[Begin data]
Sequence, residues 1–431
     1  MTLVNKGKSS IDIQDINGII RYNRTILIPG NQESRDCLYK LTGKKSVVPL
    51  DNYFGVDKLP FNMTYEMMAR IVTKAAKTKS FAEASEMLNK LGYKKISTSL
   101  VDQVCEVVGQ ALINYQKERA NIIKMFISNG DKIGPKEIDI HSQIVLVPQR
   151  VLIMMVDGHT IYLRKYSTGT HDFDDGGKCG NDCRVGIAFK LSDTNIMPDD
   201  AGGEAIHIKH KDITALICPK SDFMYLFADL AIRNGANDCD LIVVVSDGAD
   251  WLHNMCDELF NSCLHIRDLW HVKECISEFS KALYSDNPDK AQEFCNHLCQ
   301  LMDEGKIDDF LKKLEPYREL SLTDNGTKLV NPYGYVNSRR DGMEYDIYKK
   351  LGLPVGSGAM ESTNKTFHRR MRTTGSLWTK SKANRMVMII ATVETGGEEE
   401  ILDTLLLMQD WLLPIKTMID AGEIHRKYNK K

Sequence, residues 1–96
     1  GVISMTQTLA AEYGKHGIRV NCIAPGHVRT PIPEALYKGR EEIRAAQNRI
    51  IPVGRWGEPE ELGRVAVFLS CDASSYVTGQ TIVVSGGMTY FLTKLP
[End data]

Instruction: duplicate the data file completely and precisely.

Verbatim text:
Sequence, residues 1–431
     1  MTLVNKGKSS IDIQDINGII RYNRTILIPG NQESRDCLYK LTGKKSVVPL
    51  DNYFGVDKLP FNMTYEMMAR IVTKAAKTKS FAEASEMLNK LGYKKISTSL
   101  VDQVCEVVGQ ALINYQKERA NIIKMFISNG DKIGPKEIDI HSQIVLVPQR
   151  VLIMMVDGHT IYLRKYSTGT HDFDDGGKCG NDCRVGIAFK LSDTNIMPDD
   201  AGGEAIHIKH KDITALICPK SDFMYLFADL AIRNGANDCD LIVVVSDGAD
   251  WLHNMCDELF NSCLHIRDLW HVKECISEFS KALYSDNPDK AQEFCNHLCQ
   301  LMDEGKIDDF LKKLEPYREL SLTDNGTKLV NPYGYVNSRR DGMEYDIYKK
   351  LGLPVGSGAM ESTNKTFHRR MRTTGSLWTK SKANRMVMII ATVETGGEEE
   401  ILDTLLLMQD WLLPIKTMID AGEIHRKYNK K

Sequence, residues 1–96
     1  GVISMTQTLA AEYGKHGIRV NCIAPGHVRT PIPEALYKGR EEIRAAQNRI
    51  IPVGRWGEPE ELGRVAVFLS CDASSYVTGQ TIVVSGGMTY FLTKLP